What you should Read: Informative Healthcare Language Services Articles of 2011
2011 was a productive year in healthcare language services research, and many pertinent topics were covered. The articles below discuss some of the issues I believe are most central to language services today. I hope the information presented will be of use to language services decision-makers in the healthcare space as they wrestle with these issues daily. Enjoy.
1. Interpreter Perspectives of in-person, telephonic, and videoconferencing medical interpretation in clinical encounters , Patient Education and Counseling. 2011 Sep 17 [Epub ahead of print]
What do professional medical interpreters think about the effectiveness of different interpretation methods (in-person, telephonic, video conferencing)? It’s a good question to ask, seeing as “Interpreters are uniquely positioned to address relative merits of in-person and remote modalities … given their broad interpreting experience.”
That’s what this article seeks to do – explore the effectiveness of different interpretation methods in hospital and ambulatory settings from the interpreter perspective.
After assessing 52 interpreters (a 73% response) concerning a range of medical scenarios, all interpretation modalities were deemed “equally satisfactory for conveying information.” However, in-person interpretation was preferred, over both telephonic and video conferencing interpretation, for situations involving more in-depth conversation and other scenarios.
2. A Framework to Identify the Costs of Providing Language Interpretation Services, Journal of Health Care for the Poor and Underserved. 2011 May 22(2): 523-31
While healthcare organizations are required to provide language assistance, allocating the funding to do so has been less prescribed. This paper is a must read because it “establishes a conceptual framework [for language services] that identifies program costs, can be used across health care entities, and can be understood by administrators, researchers, and policymakers to guide research and analysis and establish a common ground for informed strategic discussion of payment and reimbursement policy.”
3. A Framework for Cultural Competence in Health Care Organizations, The Health Care Manager. 2011 Jul-Sep;30(3):205-14.
Yes, we all know that cultural competency is important in healthcare. However, how does one go about making cultural competency a part of an organization’s fabric?
In this article, authors Richard J. Castillo and Kristina L. Guo take cultural competency from the theoretical to the practical, giving “a framework to guide health care organizations as they focus on establishing culturally competent strategies and implementing best practices aimed to improve quality of care and achieve better outcomes for minority populations.” A great read if you’re looking to improve your cultural competency program.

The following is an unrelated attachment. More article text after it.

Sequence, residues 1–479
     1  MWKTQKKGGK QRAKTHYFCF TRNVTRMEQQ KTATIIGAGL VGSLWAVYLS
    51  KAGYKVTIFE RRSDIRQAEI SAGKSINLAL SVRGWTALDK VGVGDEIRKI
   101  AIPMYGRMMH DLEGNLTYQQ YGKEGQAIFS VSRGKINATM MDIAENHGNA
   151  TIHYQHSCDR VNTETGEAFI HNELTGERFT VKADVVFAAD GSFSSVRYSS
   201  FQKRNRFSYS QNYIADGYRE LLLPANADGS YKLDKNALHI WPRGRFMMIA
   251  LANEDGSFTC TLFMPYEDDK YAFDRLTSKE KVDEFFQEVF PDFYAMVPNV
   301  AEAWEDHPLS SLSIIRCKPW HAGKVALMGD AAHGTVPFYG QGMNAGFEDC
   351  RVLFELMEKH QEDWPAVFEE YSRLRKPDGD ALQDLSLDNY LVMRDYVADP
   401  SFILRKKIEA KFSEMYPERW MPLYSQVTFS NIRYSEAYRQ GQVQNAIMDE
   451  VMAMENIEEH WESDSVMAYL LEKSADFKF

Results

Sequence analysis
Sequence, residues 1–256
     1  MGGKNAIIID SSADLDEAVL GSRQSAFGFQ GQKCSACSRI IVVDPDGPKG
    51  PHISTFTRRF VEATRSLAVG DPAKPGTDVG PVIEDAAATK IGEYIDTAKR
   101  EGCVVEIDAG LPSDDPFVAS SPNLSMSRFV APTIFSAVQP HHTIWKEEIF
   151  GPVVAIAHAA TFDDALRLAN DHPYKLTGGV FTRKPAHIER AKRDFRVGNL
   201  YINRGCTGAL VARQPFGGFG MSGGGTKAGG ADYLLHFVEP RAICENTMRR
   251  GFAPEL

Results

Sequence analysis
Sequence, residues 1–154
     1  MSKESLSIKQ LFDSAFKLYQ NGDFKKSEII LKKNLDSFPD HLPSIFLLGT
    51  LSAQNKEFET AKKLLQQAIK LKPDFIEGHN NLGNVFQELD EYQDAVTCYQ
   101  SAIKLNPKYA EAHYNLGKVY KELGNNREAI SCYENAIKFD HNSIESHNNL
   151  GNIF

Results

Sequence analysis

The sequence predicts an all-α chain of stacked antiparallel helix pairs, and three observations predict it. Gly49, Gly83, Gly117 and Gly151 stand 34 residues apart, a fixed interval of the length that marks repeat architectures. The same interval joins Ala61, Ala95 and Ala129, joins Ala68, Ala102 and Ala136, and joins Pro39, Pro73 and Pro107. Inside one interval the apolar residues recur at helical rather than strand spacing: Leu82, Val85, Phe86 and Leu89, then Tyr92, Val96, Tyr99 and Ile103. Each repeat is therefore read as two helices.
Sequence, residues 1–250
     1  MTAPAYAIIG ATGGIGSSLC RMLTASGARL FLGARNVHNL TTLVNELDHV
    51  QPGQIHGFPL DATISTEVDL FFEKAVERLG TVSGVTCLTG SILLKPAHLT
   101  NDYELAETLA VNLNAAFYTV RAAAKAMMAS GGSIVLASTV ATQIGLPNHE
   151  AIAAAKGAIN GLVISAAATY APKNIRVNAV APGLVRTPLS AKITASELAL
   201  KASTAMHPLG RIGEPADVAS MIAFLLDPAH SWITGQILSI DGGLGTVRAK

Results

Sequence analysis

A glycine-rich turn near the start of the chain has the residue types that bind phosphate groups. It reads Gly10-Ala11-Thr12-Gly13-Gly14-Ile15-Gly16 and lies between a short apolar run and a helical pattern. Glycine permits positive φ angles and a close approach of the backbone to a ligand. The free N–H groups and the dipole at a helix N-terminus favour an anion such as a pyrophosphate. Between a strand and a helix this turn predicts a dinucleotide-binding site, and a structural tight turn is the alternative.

4. Examining Effectiveness of Medical Interpreters in Emergency Departments for Spanish-Speaking Patients with Limited English Proficiency: Results of a Randomized Controlled Trial, Annals of Emergency Medicine 2011 Mar;57(3):248-256.e1-4.
Does in-person interpretation improve communication satisfaction for patients and health providers? This study takes a fresh look at that question. After assessing numerous patients and health providers over a seven-month period, it was determined that the “… provision of professionally trained, in-person medical interpreters … greatly increased patients’ and providers’ satisfaction [in the ED].”
5. Patterns of Interpreter Use for Hospitalized Patients with Limited English Proficiency, Journal of General Internal Medicine. 2011 Jul;26(7):712-717. Epub 2011 Feb 19
Are interpreters being used appropriately in hospitals? Not quite, as this study indicates. At two urban hospitals that encounter a large percentage of Limited English Proficient (LEP) patients, 234 LEP patients were interviewed concerning interpreter usage. Of the patients interviewed, “57% reported that any kind of interpreter was present with the physician at admission, 60% with physicians during hospitalization, and 37% with nurses since admission.”
What does this show? Essentially, LEP patients are still receiving substandard access to language services, which can pose a variety of problems including misdiagnoses and other errors.
A limitation of the study is that it only examines two hospitals, and its results “may not generalize to other hospitals and settings.” However, the authors point out that “both sites in this study serve large numbers of patients with LEP and are located in a diverse area of the US … [so] It is likely that patients’ experiences may be worse in settings with less linguistic diversity or resources allocated to interpreter services.”
This article demonstrates an important point: while language access has improved for LEP patients, it is still not where it needs to be. The information presented in this study can serve as a wake-up call for organizations to re-evaluate their language access programs and identify areas of improvement.
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